I've also experienced sexual assault and attempted sexual assault. I've experienced sexual coercion and found myself doing things that horrified me because I was too scared to say no. I was also convinced for awhile that the message I'd received that I was only as good as what was between my legs was true, and that belief drove some really poor choices that I've had to come to terms with as an adult. I've been cat-called and degraded, put down and minimized, discounted because I'm female and derogatorily called "Sweetie" or "Snowflake" by men. I've had male relatives force me to do uncomfortable things and the world around me treat me like a lunatic because it made me uncomfortable.

I'm far from the only woman who has chosen to speak up, hoping to break the bonds of secret shame and raise awareness for the very real and continued mistreatment of women in this country. Unfortunately, for me and others like me, these admissions were met with resistance. Skepticism and blame, accusations of being "delicate" and "weak" and proclamations that we should just shut up and get over it, already.

I am so tired of every issue being political. Suddenly, being for women is political. Women are turning on each other now because it's become yet another way we divide ourselves. Are we going to start seeing more women blaming other women for their rapes? Asking them what they were wearing or if they'd had anything to drink that evening? Once an issue becomes so fiercely political, we can no longer reason or be intellectual. We act on emotion and carry our party line to the death, regardless of who we hurt along the way.

Coming to terms with our nation electing a man who has openly done, or been accused of doing, so many of those things I was working to overcome? I literally can't. I don't know how. Knowing that many of those voters were women? Who have daughters? Then, seeing those same women express outrage for a women's march of opposition? Clucking that women who march are entitled, spoiled brats who already have equal rights? It didn't just shatter me to my core. It literally devastated me. The anger, disbelief, disgust and confusion I've felt over the last few days has brought me to my knees.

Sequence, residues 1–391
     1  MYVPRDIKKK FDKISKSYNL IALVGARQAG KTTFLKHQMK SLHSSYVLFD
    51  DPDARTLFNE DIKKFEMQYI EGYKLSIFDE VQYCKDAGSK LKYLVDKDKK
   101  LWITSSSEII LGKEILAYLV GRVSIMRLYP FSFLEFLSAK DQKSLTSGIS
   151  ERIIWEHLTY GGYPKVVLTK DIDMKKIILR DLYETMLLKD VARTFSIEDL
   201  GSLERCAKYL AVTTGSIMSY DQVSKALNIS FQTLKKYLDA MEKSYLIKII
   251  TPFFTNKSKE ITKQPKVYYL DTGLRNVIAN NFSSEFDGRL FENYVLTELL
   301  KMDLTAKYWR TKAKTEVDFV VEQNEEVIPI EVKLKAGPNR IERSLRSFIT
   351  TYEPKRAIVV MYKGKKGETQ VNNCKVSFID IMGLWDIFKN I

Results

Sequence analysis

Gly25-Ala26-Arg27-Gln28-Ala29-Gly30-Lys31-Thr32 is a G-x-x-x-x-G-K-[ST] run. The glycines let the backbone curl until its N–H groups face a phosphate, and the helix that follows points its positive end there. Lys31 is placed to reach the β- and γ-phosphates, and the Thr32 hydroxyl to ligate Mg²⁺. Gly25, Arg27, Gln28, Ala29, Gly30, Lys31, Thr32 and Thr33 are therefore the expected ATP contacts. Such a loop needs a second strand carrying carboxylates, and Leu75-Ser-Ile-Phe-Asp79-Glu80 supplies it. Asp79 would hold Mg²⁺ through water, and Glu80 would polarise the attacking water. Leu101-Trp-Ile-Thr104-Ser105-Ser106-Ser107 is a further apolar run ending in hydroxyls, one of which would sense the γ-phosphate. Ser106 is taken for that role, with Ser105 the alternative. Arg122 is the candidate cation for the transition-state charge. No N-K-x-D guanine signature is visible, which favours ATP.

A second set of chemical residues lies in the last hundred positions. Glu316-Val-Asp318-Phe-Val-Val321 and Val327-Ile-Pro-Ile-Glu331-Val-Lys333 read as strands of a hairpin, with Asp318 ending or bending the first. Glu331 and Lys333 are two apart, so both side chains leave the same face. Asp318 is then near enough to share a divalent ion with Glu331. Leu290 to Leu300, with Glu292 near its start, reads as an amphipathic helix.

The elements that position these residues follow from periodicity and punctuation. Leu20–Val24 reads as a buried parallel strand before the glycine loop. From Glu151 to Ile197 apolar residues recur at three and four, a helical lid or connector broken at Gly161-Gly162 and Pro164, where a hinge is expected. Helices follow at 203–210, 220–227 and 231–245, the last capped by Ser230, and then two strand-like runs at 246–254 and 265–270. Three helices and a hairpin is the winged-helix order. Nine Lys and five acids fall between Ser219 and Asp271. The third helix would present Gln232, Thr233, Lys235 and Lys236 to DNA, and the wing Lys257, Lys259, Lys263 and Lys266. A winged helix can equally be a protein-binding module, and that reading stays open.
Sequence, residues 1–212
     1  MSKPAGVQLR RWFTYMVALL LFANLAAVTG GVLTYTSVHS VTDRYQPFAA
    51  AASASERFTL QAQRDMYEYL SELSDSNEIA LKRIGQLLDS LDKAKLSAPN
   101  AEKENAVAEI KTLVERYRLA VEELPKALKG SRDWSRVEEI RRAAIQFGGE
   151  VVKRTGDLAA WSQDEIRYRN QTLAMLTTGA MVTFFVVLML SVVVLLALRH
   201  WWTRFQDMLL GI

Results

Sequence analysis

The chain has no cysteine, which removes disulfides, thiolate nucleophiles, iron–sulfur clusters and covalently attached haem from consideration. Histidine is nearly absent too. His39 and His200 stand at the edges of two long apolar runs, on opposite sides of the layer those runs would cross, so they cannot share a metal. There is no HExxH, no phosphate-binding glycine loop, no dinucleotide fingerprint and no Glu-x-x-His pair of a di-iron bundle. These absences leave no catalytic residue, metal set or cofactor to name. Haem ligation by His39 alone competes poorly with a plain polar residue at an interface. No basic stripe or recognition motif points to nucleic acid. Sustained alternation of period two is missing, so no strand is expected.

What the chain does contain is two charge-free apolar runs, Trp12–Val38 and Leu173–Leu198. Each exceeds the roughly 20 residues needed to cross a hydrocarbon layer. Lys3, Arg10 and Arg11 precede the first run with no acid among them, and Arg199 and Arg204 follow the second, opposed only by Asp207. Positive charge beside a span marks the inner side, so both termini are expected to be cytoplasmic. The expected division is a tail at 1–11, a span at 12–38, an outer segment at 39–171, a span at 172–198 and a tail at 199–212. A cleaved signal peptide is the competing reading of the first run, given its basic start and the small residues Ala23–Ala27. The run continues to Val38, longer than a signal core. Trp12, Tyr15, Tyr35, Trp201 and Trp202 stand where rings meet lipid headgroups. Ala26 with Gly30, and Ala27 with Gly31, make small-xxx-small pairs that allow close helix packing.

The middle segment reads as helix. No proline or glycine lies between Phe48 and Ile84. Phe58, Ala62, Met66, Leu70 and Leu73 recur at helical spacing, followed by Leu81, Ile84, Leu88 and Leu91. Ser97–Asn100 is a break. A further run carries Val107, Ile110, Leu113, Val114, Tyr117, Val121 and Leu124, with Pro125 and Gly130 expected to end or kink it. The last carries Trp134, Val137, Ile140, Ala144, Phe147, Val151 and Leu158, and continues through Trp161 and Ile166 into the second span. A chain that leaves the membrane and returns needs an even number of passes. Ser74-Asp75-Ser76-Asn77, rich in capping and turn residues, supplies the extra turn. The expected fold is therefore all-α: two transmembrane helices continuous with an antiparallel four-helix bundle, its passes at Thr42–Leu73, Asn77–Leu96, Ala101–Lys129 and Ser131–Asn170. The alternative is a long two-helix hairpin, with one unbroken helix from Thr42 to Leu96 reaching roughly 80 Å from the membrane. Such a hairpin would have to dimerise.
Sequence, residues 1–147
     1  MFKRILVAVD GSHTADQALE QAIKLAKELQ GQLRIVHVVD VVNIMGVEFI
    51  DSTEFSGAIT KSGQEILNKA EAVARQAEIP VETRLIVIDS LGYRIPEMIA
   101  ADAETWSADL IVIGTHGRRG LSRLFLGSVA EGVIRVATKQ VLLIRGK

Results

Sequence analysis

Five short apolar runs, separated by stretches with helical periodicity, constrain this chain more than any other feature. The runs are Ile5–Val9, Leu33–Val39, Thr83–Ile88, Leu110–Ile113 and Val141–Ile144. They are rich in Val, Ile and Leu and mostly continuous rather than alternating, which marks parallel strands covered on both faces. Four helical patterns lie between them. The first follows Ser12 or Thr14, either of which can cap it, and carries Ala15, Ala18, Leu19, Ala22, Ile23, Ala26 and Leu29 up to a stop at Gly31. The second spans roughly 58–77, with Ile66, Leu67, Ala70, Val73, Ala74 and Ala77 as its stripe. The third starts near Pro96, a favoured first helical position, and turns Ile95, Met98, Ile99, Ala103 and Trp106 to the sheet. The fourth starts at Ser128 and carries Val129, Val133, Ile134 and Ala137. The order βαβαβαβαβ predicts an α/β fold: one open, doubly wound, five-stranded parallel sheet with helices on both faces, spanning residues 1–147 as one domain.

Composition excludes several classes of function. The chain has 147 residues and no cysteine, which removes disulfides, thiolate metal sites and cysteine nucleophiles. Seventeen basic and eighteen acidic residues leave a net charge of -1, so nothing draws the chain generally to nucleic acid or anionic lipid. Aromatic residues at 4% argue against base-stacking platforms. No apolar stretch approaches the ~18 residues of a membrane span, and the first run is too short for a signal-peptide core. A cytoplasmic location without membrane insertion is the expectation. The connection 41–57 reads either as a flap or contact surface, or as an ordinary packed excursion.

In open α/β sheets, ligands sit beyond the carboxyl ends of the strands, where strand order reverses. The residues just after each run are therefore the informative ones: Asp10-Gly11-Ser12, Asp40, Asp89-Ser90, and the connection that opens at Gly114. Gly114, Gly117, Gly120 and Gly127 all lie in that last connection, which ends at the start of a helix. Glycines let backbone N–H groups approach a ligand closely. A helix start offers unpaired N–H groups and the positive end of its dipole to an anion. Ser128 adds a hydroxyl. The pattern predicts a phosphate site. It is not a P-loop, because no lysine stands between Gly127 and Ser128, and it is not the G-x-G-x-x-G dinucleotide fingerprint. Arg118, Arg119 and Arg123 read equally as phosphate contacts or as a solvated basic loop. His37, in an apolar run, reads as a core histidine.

How could WOMEN be shaming OTHER WOMEN in such a way? How can someone tell another woman she has no right to feel that she is still treated unfairly, or God forbid, FIGHT FOR THE RIGHTS OF OTHER WOMEN WHO AREN'T TREATED FAIRLY EVEN IF SHE, HERSELF, IS TREATED EQUALLY?

If Donald Trump's bragging of sexual abuse (and his future election after said bragging) wasn't enough to prove that we have so far to go in issuing equal rights in this country, I don't have much hope that there is anything that could prove it.

I'm in therapy now, working to overcome the self-hatred and feelings of worthlessness that came from a few decades of being made to feel like I was only worth what existed between my legs. I don't say these things to elicit sympathy. Let me be clear that I do not want sympathy. If I've learned nothing else from Brene Brown, it's that nobody wants sympathy. I want healing and I want awareness.

Most women never share their rape stories because we find ways to blame ourselves. We find ways to blame ourselves because that's the message we've received for most of our lives. From the time we are forced to kiss adult men who creepily want to kiss us to the questioning of our clothing when we were raped or our explanation for why we were drinking alcohol at the time of our abuse to the pathetic sentencing we hand down to white men who rape women, the message is still ringing in our ears.

You are only good for us if you will lay down, shut up and let us have our way with you. These stories seem to be angering people and making them uncomfortable. But let's not forget that we just elected this man to the office of president.



I am not too concerned with making people uncomfortable. And frankly, if it makes you uncomfortable to read about the abuse women endured, imagine how we felt experiencing it.

While you're busy yelling on Facebook that we're delicate snowflakes, telling us to shut up, get over it or stop being so sensitive ("Go on with your safe space, stupid millenials"), we're working behind the scenes to create actual, positive change (while you're yelling at us about that, too). Many of us are dealing with traumas that have been ripped wide open in this past year, yet still we rise. Still we work. Still we fight. We do these things in spite of, and because of, abuse at the hands of powerful men. We're a feisty group and we're going to change the world while you cluck and whine and belittle us on Facebook.